A major liberalisation in Brazil’s agribusiness laws looks set to improve foreign lenders’ collateral options for commodity and trade finance facilities, key to supporting the country’s soft commodity exports.

Law number 13,986, which was enacted in April, introduces several improvements to the Brazilian legal framework to provide greater legal security to foreign banks financing trade in commodities such as soy and corn.

The changes include the introduction of a fiduciary lien over rural land, which will allow rural land to be granted as collateral to foreign lenders for the first time; the creation of the legal figure of a “segregated rural asset”, which will allow landowners to put land into a trust where it will not be subject to their general obligations and debt in order for it to be used as collateral; a change in the provisions of rural product notes legislation allowing them to be issued in foreign currency; and the introduction of certificates of agribusiness receivables, which allows for the securitisation of rural product notes.

To understand how this new legislation will support commodity trade finance in Brazil, GTR speaks to Lúcio Feijó Lopes, managing partner and head of the trade finance team at law firm Feijó Lopes Advogados.


GTR: What issues does this new legislation address?

Feijó Lopes: Soft commodities exporters in Brazil rely heavily on foreign lending to finance their exports, with export prepayment facilities being widely used by mid to large-sized producers and trading companies. These deals are structured by securing the cycle of goods that are being financed from phase to phase, from plantation to storage to stock and then to port as goods are exported to the offtaker.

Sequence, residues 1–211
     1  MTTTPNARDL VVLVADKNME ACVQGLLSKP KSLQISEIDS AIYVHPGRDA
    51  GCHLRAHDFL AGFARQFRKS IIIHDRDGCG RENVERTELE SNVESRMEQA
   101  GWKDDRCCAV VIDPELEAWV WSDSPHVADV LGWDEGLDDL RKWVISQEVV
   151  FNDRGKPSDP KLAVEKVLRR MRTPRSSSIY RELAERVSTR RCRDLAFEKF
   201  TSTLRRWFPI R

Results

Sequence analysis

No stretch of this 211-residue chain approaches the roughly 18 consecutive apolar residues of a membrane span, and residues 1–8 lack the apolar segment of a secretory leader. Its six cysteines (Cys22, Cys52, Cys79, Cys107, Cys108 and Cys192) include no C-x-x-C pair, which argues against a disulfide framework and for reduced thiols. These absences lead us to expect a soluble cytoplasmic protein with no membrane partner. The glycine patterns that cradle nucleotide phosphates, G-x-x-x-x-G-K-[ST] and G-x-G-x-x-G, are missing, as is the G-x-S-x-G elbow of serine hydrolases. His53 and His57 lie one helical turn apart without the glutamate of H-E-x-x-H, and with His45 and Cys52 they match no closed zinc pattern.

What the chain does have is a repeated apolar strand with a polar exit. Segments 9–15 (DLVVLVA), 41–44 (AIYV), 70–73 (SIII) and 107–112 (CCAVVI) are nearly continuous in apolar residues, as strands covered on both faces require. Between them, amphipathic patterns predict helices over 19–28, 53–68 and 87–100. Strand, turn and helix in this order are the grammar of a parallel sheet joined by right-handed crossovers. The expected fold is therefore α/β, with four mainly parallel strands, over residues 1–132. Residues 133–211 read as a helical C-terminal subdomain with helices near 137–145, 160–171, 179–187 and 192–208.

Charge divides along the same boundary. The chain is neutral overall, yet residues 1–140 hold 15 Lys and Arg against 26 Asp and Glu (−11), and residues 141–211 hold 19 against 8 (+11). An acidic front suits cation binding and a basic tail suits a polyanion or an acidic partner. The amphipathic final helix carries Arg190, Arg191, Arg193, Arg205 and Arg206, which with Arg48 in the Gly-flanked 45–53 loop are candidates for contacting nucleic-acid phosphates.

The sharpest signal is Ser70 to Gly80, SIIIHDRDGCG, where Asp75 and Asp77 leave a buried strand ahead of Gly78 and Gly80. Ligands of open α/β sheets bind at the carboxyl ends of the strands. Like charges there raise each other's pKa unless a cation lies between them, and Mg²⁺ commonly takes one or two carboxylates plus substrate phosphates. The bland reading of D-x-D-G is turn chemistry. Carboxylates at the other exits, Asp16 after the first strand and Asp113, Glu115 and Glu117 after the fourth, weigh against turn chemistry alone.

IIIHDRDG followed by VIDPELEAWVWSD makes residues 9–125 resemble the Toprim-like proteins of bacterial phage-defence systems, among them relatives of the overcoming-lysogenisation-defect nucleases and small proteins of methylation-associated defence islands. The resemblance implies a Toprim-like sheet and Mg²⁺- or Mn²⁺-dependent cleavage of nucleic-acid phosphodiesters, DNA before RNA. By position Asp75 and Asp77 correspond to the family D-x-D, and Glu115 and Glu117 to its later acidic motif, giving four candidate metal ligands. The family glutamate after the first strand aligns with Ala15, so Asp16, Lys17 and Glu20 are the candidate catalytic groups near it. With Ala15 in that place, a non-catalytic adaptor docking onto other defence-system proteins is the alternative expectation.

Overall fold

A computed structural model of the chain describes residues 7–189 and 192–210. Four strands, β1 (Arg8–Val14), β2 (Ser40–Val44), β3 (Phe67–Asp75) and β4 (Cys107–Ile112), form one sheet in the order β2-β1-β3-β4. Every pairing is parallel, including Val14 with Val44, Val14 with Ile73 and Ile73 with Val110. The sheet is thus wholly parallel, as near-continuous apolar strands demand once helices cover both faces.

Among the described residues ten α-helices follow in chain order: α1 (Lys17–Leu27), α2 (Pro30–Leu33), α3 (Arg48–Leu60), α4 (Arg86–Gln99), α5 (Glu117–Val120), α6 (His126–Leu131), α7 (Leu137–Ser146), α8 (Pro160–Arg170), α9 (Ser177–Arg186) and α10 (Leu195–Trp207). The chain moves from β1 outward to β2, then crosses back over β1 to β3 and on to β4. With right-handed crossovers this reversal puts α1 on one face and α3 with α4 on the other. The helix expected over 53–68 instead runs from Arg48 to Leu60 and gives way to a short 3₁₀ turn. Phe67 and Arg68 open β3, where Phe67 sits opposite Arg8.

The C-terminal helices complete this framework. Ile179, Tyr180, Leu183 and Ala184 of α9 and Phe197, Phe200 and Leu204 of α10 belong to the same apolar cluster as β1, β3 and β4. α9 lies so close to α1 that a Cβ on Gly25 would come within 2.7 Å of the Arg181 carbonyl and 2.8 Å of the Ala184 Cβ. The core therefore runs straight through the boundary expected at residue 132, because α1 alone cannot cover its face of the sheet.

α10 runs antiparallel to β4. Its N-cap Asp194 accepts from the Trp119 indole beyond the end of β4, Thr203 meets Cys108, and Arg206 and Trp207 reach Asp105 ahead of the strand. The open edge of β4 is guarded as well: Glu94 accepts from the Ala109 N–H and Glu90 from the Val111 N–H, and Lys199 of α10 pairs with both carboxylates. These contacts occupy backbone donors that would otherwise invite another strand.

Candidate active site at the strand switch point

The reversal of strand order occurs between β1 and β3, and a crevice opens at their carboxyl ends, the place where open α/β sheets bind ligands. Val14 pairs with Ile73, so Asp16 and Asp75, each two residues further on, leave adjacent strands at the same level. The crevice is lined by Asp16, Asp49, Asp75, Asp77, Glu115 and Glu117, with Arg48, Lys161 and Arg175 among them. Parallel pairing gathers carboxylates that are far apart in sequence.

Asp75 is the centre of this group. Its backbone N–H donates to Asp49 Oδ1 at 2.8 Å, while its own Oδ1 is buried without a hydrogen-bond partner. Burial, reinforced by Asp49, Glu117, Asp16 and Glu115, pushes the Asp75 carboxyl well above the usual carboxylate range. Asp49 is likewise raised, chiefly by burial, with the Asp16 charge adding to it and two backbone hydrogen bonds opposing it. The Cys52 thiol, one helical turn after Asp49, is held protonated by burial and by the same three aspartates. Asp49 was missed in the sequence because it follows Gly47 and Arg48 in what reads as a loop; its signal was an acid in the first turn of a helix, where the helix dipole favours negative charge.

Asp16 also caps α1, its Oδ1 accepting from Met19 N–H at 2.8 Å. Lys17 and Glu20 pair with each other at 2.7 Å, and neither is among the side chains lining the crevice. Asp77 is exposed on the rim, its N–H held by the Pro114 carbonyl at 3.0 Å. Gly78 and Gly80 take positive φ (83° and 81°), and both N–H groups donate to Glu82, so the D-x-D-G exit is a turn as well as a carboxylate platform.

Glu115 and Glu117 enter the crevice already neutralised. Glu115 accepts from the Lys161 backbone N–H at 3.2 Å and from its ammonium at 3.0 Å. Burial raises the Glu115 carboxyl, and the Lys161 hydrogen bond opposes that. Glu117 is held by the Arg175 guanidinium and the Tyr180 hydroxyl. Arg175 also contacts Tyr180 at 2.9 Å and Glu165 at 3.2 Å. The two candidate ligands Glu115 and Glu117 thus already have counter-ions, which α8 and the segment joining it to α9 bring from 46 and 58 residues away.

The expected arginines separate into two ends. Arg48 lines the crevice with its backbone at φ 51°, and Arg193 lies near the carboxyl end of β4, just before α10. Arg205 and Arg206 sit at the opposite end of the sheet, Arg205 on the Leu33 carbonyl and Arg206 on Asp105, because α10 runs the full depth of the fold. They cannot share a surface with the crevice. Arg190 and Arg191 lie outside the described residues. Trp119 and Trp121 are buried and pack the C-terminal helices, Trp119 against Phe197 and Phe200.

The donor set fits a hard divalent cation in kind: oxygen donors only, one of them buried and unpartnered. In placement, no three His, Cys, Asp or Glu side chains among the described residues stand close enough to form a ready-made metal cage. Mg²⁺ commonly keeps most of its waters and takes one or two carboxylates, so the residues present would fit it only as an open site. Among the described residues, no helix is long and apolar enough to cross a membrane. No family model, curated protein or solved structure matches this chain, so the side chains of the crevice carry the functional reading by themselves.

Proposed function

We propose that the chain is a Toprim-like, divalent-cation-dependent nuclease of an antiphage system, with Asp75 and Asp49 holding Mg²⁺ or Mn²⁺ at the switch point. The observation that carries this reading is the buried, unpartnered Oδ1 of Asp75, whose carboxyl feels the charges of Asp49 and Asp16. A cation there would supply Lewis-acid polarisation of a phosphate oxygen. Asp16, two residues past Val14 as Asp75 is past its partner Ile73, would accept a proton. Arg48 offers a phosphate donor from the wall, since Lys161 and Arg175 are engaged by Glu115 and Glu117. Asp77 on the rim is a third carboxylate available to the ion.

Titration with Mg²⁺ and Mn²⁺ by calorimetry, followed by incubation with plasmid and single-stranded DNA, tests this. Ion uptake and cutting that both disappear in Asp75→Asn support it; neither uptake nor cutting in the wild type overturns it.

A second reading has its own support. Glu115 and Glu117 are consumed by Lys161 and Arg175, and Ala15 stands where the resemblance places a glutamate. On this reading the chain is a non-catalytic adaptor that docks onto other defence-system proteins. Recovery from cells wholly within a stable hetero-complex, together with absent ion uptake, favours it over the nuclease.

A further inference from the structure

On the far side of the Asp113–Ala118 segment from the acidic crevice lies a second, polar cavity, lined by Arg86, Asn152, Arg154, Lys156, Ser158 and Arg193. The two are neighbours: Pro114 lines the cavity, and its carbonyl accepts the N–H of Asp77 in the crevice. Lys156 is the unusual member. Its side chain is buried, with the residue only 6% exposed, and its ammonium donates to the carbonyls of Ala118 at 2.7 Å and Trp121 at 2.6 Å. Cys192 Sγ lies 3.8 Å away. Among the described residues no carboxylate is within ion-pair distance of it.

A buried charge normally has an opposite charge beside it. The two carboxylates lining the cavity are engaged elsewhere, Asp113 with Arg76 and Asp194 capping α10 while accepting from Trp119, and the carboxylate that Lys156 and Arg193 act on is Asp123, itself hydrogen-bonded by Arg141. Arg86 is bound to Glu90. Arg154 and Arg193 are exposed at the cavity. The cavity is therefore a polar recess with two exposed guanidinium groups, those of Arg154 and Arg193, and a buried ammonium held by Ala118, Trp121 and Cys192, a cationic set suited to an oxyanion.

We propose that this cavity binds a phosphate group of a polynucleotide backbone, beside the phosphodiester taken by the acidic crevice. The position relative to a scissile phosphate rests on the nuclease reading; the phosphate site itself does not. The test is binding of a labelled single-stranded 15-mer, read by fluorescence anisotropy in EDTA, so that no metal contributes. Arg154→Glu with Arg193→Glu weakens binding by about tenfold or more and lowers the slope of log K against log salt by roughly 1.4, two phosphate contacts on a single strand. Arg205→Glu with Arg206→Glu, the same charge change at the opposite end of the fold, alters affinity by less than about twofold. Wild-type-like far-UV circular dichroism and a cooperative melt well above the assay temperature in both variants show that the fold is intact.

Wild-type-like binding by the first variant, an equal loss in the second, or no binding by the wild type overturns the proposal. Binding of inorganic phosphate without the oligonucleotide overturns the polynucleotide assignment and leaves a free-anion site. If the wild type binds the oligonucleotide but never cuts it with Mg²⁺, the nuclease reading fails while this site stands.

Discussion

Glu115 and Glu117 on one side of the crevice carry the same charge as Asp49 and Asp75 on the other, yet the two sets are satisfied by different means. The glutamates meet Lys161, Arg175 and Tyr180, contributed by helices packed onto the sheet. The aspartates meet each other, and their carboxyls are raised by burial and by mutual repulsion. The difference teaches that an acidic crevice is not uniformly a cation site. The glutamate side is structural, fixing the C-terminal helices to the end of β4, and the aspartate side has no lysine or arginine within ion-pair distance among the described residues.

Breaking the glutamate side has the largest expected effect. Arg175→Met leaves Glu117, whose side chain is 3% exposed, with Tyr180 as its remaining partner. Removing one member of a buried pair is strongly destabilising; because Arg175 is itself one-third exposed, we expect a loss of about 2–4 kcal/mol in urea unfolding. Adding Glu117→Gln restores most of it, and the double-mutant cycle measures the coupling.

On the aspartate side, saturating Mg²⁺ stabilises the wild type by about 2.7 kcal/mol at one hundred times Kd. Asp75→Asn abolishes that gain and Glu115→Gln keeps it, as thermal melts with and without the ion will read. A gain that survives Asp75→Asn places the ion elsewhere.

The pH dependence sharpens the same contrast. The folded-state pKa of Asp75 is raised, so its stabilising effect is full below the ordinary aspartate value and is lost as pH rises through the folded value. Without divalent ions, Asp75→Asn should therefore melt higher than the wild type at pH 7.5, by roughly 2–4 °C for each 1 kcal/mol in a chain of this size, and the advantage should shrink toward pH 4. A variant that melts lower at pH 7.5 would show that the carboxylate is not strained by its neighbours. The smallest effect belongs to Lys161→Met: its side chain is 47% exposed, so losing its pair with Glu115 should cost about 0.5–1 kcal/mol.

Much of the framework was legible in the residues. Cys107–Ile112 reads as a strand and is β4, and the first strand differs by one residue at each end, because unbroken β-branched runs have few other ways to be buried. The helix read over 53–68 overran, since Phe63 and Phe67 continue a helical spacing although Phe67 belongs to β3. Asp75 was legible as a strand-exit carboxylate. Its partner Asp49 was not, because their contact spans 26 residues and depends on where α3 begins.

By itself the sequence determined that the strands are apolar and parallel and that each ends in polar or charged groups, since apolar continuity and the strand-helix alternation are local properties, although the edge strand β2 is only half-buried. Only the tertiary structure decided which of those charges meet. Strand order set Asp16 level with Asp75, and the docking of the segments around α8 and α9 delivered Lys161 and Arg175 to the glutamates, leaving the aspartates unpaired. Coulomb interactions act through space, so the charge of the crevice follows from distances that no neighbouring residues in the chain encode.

The challenge has always been around ensuring you have proper collateral throughout the cycle, especially for foreign lenders. When you finance a producer of soybeans, you get as collateral the soybeans themselves, but for more security, lenders often seek to get land as collateral. This has been restricted in Brazil since 2010, when the government, in order to stop massive purchases of Brazilian land by private and sovereign investors, created an executive order limiting foreign ownership over Brazilian land. However, by doing this, they also restricted the ability of foreign entities to hold ownership-type liens over farmland, such as fiduciary lien, which protects lenders from borrower and guarantor’s judicial recovery (equivalent to US Chapter 11) and bankruptcy.


GTR: How have foreign lenders got around these legal restrictions so far?

Feijó Lopes: Until now, foreign lenders could safely place a mortgage on rural land, which is not protected against insolvency of the borrower. To hold fiduciary lien over farmland, foreigners were required to have a Brazilian person to act as collateral agent in case of needing to enforce the collateral. Such requirement adds a third party, extra fees and tax costs, which discourage some foreigners. Others even disregarded the existing government restrictions and used fiduciary liens directly without a Brazilian person acting as a collateral agent, which put them at risk in the courts.